During the research for this issue of Information Age, an executive gave his view on how he would like to see the data centre of the future managed. "The data centre," he said, "should be staffed by a man and a dog. The man is there to feed the dog. The dog is there to bite the man if he tries to touch the computers".
For as long as most of us can remember, the data centre has required human management and persistent manual intervention. People can be unpredictable, slow, error-prone and unreliable. And they are always expensive.
At one time, this was just part of the deal. Automation rapidly sped up processes such as payroll, and having a few operators to ‘muck out' the computer, organising the batch runs and loading the tapes was all costed in.
That has all changed. Now, many if not most business processes are customer-facing, and slow corporate reaction times show up, sooner or later, on the profit and loss account. Systems need to be rapidly provisioned, applications changed or installed quickly, easily addressable storage added regularly, new regulations conformed to, or there is trouble.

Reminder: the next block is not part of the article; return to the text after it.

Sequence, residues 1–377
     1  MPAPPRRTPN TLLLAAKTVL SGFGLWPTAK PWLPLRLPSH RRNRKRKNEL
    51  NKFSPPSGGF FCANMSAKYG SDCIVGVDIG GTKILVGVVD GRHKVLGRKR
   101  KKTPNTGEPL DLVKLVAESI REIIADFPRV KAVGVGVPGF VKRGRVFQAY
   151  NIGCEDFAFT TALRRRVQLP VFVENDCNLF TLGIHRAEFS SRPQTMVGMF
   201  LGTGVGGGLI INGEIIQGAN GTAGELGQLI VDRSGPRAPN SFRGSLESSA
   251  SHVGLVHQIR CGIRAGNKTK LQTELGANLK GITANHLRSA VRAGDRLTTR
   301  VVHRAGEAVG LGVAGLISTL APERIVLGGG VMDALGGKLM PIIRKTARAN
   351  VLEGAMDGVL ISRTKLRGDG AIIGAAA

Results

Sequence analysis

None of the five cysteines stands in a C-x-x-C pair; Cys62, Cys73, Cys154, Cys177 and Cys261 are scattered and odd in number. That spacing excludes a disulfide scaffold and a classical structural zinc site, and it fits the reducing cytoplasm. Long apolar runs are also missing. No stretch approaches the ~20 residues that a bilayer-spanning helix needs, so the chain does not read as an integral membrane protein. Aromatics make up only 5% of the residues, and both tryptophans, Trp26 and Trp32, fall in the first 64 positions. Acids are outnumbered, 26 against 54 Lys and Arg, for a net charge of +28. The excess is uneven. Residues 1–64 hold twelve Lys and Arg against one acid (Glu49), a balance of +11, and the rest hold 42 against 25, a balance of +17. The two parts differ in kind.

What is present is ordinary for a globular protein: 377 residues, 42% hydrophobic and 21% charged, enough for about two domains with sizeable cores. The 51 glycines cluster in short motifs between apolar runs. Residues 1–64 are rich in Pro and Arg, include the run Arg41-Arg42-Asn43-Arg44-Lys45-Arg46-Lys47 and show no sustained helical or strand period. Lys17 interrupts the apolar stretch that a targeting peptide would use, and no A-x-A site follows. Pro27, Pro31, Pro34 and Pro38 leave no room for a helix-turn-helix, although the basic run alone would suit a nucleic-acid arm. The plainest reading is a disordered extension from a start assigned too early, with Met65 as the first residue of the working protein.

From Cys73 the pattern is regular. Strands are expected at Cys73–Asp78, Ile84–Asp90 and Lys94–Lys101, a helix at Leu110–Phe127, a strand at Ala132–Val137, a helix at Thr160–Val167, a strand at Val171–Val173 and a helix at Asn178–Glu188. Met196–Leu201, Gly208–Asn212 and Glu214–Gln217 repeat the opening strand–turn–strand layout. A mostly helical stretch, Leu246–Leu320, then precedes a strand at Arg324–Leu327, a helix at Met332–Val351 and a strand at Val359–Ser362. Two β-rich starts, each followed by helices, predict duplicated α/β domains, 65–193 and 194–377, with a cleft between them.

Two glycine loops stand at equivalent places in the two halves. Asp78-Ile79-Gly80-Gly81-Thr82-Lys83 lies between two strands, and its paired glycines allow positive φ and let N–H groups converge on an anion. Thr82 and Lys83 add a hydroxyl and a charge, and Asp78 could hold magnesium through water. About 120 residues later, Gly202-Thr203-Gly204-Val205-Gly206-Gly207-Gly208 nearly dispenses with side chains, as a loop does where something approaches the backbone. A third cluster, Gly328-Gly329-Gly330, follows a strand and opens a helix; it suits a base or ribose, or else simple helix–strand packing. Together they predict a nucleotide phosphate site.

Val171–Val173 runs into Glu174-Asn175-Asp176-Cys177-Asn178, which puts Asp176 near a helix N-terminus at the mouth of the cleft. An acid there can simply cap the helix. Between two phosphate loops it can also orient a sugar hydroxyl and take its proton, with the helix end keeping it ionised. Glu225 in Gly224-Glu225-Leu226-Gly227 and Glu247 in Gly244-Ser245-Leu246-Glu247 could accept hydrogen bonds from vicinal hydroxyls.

Almost every CIO we speak to has a story of their struggles to meet these challenges. In almost every case, it is a story of mounting complexity, expense and frustration. Estimates suggest that nearly three quarters of the IT spend goes on managing the applications and infrastructure.
Now the good news: the innovators have the answer. New technologies are set to shake up the data centre. Blade servers are replacing unmanageable and bulky distributed machines; the virtualisation of processing and storage systems means they can be quickly redeployed to meet demand; new service-oriented management and provisioning tools will give operational power to the business managers; and autonomic management software will solve many operational problems before they occur.
Early success stories are showing dramatic improvements in utilisation, maintenance costs and business agility. Data centres are not as sexy or as visible as the Internet in its early days – this is serious, back-room technology – but there are similarities. As ever, there is some hype about the technologies and their impact, but the message is clear: IT is about to take another big step forward.
Editor: Kenny MacIver